Green Week: stakeholders put nature in the spotlight
Image © Katherine Singer, Environment&Me/EEA
Every year the European Commission's Directorate-General for the Environment brings together policy makers, researchers, civil society, businesses and other stakeholders at a large conference in Brussels, Belgium, around an environmental topic central to European environmental policy debate. This year's Green Week focuses on nature and biodiversity. Green Week 2015 will look at the benefits we receive from nature, and the framework in place to protect it.
The European Environment Agency's recent assessments, including The European environment – state and outlook 2015 and State of Nature in the EU, show that Europe's biodiversity is still being eroded, despite significant local improvements. To halt the loss of biodiversity, stabilise and restore degraded ecosystems, the European Union has adopted the EU Biodiversity Strategy to 2020, which sets various targets and actions. An effective implementation of the strategy depends, among others, on the data and information available on biodiversity in Europe. Through its extensive network and close collaboration with partners, the EEA contributes extensively to the knowledge base on Europe's biodiversity.
How to map and assess ecosystems
As part of its contributions to this knowledge base, the EEA published today its new technical report 'European ecosystem assessment – concept, data, and implementation'. The report aims at supporting the implementation of EU Biodiversity Strategy to 2020, more concretely to Target 2 Action 5 – Mapping and Assessment of Ecosystems and their Services (MAES). It describes, among others, the conceptual framework to map and assess ecosystems in detail as well as the mapping and assessment process. By outlining a coherent framework, the report aims to support Member States and Commission services tasked to carry out ecosystem assessments and making use of the outcomes.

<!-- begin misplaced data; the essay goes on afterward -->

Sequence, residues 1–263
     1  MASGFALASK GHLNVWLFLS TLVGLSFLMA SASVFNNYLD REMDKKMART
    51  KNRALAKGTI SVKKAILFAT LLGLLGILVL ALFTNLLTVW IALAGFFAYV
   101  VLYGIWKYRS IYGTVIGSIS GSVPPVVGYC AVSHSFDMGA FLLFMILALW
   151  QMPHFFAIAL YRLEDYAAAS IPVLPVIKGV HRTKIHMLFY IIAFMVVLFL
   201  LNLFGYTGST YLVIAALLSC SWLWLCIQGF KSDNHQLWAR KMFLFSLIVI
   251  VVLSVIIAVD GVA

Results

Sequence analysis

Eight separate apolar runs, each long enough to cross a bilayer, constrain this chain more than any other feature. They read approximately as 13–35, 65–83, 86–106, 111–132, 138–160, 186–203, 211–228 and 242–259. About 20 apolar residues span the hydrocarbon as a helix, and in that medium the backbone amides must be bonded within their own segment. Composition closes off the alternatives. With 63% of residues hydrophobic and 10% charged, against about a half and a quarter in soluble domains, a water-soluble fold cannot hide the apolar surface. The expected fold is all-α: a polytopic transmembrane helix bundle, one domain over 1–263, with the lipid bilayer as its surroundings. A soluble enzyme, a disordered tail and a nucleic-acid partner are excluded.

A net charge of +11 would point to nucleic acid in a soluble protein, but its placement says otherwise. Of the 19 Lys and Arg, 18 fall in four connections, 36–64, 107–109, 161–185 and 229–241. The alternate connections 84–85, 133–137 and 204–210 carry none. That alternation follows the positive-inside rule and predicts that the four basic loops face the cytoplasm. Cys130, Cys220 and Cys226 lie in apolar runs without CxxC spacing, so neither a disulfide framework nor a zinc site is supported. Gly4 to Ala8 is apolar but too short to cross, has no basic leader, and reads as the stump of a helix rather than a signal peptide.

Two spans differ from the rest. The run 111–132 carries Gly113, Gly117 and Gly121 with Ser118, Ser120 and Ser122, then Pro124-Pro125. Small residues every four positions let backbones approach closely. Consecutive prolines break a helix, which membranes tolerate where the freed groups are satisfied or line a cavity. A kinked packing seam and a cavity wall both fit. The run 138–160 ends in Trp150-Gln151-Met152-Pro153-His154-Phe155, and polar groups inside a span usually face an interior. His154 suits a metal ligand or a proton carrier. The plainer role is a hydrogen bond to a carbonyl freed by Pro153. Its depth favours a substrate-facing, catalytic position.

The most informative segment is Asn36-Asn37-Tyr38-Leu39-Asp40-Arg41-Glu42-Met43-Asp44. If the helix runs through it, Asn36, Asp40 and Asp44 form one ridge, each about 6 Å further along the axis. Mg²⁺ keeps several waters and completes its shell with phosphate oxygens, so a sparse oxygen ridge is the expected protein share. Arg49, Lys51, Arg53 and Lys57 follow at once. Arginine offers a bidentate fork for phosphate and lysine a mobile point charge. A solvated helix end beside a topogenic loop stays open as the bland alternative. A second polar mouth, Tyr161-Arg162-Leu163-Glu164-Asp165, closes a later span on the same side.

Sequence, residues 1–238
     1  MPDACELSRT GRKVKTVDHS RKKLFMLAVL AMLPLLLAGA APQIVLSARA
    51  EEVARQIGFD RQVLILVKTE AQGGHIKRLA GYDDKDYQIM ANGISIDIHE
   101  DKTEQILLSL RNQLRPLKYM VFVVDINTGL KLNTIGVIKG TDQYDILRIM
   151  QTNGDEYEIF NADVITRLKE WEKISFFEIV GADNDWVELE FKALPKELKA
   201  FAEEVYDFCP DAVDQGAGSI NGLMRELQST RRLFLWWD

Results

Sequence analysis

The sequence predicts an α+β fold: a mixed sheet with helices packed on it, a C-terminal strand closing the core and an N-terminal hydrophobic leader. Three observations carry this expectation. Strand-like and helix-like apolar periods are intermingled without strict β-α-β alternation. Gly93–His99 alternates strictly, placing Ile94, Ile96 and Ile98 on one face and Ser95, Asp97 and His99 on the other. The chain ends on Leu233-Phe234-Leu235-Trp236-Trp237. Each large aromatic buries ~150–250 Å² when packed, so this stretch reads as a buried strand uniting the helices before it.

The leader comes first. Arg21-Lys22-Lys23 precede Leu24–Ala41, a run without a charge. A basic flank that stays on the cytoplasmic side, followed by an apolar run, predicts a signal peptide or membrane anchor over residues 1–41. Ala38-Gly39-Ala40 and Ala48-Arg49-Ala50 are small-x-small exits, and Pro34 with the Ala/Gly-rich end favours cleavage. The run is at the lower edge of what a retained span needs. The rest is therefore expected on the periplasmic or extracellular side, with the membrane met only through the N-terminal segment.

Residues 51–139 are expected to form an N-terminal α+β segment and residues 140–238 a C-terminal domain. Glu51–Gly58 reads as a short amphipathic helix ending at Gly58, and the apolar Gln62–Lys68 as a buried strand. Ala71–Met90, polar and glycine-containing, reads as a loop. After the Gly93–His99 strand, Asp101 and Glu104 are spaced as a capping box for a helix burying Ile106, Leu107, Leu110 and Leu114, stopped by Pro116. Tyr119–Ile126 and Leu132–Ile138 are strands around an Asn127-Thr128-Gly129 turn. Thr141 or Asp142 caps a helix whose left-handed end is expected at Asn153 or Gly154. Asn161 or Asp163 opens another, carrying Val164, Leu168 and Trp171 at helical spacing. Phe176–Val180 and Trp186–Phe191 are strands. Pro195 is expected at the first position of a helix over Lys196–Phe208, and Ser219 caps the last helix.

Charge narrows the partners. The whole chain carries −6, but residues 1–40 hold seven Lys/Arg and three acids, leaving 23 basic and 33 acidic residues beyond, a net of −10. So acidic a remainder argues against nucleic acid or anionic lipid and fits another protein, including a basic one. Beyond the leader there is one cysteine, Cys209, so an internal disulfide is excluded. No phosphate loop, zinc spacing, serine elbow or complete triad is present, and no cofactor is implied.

There are different strands of information and data, which can be used in mapping and assessing ecosystems in Europe. The report uses the DPSIR (Drivers, Pressures, State, Impact, Response) approach to put all the relevant information available in a coherent context. The Millennium Assessment identified five major groups of pressures: habitat change, climate change, invasive species, land use management, and pollution and nutrient enrichment. The report builds on these five groups and provides how different ecosystem types (e.g. cropland, forests, freshwater) are affected by each pressure group. The report includes a series of maps of Europe, showing different types of ecosystem-based assessments that can be carried out with the available knowledge. The report also identifies data and knowledge gaps, which can help improve assessments if filled.
The EEA's findings and other information sources will be presented throughout the conference. All the sessions can be followed online through the Green Week website.
For references, please go to www.eea.europa.eu/soer or scan the QR code.
This briefing is part of the EEA's report The European Environment - State and Outlook 2015. The EEA is an official agency of the EU, tasked with providing information on Europe's environment.
PDF generated on 26 May 2016, 07:07 AM